Car Strikes Gasoline Tanker, Leading to Los Angeles Freeway Inferno

Sunday, April 08, 2012 |

LOS ANGELES - The collision of a sedan and gasoline tanker led to a spectacular blaze on the Ventura Freeway near Glendale late Saturday night, that snarled traffic for hours but thankfully caused no injury.


video from kd6nux


The crash and fire on the westbound lanes of the 134 Freeway transition to the southbound Golden State (I-5) Freeway, was reported to the Los Angeles Fire Department on Saturday, April 7, 2012 at 11:09 PM, bringing the rapid response of more than 150 firefighters from the LAFD as well as automatic aid from the Burbank, Glendale and Bob Hope Airport Fire Departments.

Firefighters arrived quickly to find a semi-truck tanker with a twin tank trailer, carrying a capacity load of 9,000 gallons of gasoline, to be fully enveloped in fire, after being struck by a compact sedan. Despite the inferno and a long trail of flames, both drivers were able to flee their vehicles without injury.

With thousands of gallons of flammable fuel already spilled and ablaze, first arriving firefighters carefully staged their apparatus and command post uphill and upwind, as they attacked a wall of flame more than 20 feet tall.Tanker Erupts in Flames Following Los Angeles Freeway Collision

Local law enforcement agencies and the California Highway Patrol quickly curtailed traffic on and seeking to enter the busy freeway interchange, aiding the effort to prevent injury and environmental harm.

Firefighters labored for 70 minutes to fully extinguish the flames and dike the flow of as much as 3,000 gallons of unburned gasoline, to prevent it from igniting or entering storm drains.

No injuries were reported, and there were no evacuations.

Following the Fire Deparment's mitigation of primary hazards, control of the scene was returned jointly to the California Highway Patrol, County of Los Angeles Health Hazardous Materials Division and the California Department of Transportation, with the latter agency to perform a detailed physical assessment of the overpass for possible fire related damage.
Dispatched LAFD Units: E76 E56 RA56 E250 T50 BC5 FT100 E100 FT36 E36 E235 T35 E86 E60 T60 E260 E82 E220 T20 SQ21 DC3 EM2 BC14 EA1 E21 T21 E221 H0D H0F BC2 BC11 H4 H3 E29 E90 T90 E290 E289 T89 E12 E10 H0B H6 SQ87 E87 T87 E287
[ photos ] [ slideshow ] [ video ]

Submitted by Shawn Lenske and Brian Humphrey, Spokesmen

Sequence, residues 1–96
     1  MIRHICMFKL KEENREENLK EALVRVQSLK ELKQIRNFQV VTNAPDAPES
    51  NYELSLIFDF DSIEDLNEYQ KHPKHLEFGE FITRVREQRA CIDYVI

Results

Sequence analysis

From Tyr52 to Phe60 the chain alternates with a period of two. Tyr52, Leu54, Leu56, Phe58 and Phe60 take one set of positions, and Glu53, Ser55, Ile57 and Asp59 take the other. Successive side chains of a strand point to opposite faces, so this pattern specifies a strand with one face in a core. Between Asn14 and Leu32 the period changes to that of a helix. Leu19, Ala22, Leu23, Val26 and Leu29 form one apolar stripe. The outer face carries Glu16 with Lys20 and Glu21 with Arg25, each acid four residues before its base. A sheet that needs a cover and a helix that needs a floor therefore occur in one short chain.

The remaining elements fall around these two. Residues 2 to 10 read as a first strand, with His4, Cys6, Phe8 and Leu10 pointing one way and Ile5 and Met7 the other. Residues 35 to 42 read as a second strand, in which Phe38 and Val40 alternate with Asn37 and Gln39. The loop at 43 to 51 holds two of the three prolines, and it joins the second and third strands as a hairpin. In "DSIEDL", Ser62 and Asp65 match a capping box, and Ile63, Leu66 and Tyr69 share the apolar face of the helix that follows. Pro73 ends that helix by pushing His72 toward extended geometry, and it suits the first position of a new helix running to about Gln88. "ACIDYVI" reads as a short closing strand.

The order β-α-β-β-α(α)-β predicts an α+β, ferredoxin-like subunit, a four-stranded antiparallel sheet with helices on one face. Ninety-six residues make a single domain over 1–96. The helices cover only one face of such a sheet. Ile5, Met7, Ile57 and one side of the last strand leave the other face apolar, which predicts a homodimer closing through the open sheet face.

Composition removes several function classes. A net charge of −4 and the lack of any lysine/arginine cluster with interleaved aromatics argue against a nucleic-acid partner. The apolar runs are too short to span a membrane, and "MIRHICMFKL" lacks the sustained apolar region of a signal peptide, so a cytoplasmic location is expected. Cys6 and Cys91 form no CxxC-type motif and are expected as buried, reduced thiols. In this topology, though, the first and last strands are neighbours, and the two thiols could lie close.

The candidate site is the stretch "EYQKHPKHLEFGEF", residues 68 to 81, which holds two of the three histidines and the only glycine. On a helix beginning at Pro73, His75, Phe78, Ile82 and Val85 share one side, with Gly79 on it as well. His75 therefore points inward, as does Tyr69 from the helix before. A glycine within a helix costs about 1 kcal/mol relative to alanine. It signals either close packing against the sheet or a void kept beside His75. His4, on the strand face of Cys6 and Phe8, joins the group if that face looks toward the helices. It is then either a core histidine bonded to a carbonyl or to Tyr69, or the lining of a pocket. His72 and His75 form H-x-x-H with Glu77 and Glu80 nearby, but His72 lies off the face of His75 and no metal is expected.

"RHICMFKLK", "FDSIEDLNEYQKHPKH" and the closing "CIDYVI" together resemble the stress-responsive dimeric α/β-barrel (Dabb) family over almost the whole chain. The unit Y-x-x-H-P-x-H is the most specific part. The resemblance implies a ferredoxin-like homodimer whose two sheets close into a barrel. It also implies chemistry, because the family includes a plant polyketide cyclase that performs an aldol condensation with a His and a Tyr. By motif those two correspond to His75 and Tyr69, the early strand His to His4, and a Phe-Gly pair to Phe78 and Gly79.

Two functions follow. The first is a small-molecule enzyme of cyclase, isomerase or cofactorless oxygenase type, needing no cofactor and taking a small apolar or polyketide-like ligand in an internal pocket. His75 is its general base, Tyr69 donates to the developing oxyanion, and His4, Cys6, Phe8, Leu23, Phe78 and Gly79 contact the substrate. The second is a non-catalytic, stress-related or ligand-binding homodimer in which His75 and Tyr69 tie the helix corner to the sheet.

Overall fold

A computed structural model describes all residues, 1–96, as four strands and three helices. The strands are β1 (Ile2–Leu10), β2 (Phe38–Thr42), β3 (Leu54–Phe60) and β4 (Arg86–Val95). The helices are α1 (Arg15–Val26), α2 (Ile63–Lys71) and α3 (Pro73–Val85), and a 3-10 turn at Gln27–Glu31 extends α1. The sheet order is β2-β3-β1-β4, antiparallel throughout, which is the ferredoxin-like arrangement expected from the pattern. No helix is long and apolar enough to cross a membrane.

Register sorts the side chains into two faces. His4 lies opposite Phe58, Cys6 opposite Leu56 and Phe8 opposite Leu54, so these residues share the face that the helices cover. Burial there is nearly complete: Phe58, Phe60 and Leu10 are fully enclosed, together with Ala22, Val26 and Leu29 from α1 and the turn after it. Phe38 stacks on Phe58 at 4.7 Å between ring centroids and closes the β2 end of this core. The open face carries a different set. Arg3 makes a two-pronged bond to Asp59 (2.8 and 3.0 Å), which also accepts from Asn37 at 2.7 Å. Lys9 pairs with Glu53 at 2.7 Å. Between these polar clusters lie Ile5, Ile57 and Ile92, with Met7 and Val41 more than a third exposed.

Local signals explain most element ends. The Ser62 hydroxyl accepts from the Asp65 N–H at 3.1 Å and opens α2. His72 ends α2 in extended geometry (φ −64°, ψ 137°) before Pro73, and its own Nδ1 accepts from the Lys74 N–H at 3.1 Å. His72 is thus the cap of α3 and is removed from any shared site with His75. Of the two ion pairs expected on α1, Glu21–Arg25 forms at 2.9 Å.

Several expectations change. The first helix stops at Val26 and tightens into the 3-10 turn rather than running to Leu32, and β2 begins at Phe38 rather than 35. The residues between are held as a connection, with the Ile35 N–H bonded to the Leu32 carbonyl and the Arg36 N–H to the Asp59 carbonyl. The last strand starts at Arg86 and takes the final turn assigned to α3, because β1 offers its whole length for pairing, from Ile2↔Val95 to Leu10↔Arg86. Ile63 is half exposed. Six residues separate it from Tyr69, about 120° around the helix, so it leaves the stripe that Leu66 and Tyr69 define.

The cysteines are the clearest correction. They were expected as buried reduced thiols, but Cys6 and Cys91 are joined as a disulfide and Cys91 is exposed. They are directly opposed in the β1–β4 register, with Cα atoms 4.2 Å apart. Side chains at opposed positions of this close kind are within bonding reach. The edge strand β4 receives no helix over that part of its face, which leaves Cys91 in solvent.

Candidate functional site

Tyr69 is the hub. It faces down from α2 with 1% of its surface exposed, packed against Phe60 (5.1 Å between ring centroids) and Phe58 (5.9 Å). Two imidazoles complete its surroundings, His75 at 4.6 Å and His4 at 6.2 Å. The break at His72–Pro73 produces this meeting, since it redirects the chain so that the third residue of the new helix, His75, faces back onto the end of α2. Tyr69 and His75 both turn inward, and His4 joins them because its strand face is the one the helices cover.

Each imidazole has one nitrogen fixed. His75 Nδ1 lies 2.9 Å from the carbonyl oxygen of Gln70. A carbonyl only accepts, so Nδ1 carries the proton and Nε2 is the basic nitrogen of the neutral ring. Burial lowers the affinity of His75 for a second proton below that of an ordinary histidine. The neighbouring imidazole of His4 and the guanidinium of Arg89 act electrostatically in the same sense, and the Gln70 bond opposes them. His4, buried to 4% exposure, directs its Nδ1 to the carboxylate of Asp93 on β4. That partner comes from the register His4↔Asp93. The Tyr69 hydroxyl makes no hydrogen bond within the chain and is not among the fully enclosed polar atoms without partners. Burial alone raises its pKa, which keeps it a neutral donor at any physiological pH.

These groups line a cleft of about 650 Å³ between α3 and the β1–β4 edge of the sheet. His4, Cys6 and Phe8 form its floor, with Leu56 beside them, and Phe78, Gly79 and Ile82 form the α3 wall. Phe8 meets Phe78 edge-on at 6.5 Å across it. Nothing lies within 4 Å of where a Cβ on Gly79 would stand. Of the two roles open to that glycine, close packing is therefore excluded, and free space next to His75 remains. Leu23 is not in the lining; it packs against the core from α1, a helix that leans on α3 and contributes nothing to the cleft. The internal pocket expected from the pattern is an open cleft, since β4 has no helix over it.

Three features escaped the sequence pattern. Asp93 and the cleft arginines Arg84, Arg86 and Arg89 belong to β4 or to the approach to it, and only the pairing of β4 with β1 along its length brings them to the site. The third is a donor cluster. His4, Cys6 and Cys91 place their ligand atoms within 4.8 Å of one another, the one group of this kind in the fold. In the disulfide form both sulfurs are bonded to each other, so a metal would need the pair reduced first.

Los Angeles Fire Department

4 comments:

Anonymous said...

Great work by the professionals at the LAFD. No loss of life, no injuries, and the freeway did not sustain permanent damage.

Although damage was estimated to be approx $250,000 it could have been much higher and traffic in the area heavily impacted were it not for the quick and agressive attack by over 150 firefighters with specialized equipment (foam rigs, helicopters, hazmat units, etc).

Once again the LAFD has shown why they need to be fully funded. Due to proper staffing and available equipment, this emergency incident was mitigated.

The politicians, CAO Santana and the citizens need to remember incidents such these when talk rolls around about cutting the fire department.

Thanks for all that you do.

Anonymous said...

Is there a written document anywhere listing all the apparatus codes (ie FT=Foam Tender, EA=Emergency Air) etc.

LAFD Media and Public Relations said...

Anonymous 1:51,

Thank you for sharing your thoughts. We encourage Los Angeles residents to keep their local elected leaders aware of their concerns and observations - ditto members of the fire service, their labor representatives.

Respectfully Yours in Safety and Service,

Brian Humphrey
Firefighter/Specialist
Public Service Officer
Los Angeles Fire Department

LAFD Media and Public Relations said...

Anonymous 7:35,

There is sadly no complete roster of such information presently on-line - though you grasped the obvious.

While it is certainly on our list of things to offer - likely after a significant update to the Department's computer aided dispatching system, the backlog of projects - including outdated information at the LAFD.ORG site, will have such a project remain waiting for the foreseeable future.

Respectfully Yours in Safety and Service,

Brian Humphrey
Firefighter/Specialist
Public Service Officer
Los Angeles Fire Department

Post a Comment

Comments to this blog are approved or disapproved without editing.

We seek to offer a broad cross-section of *public* thoughts that are specific to the topic at hand and genuinely polite in tone - regardless of opinion.

Kindly post your comments below.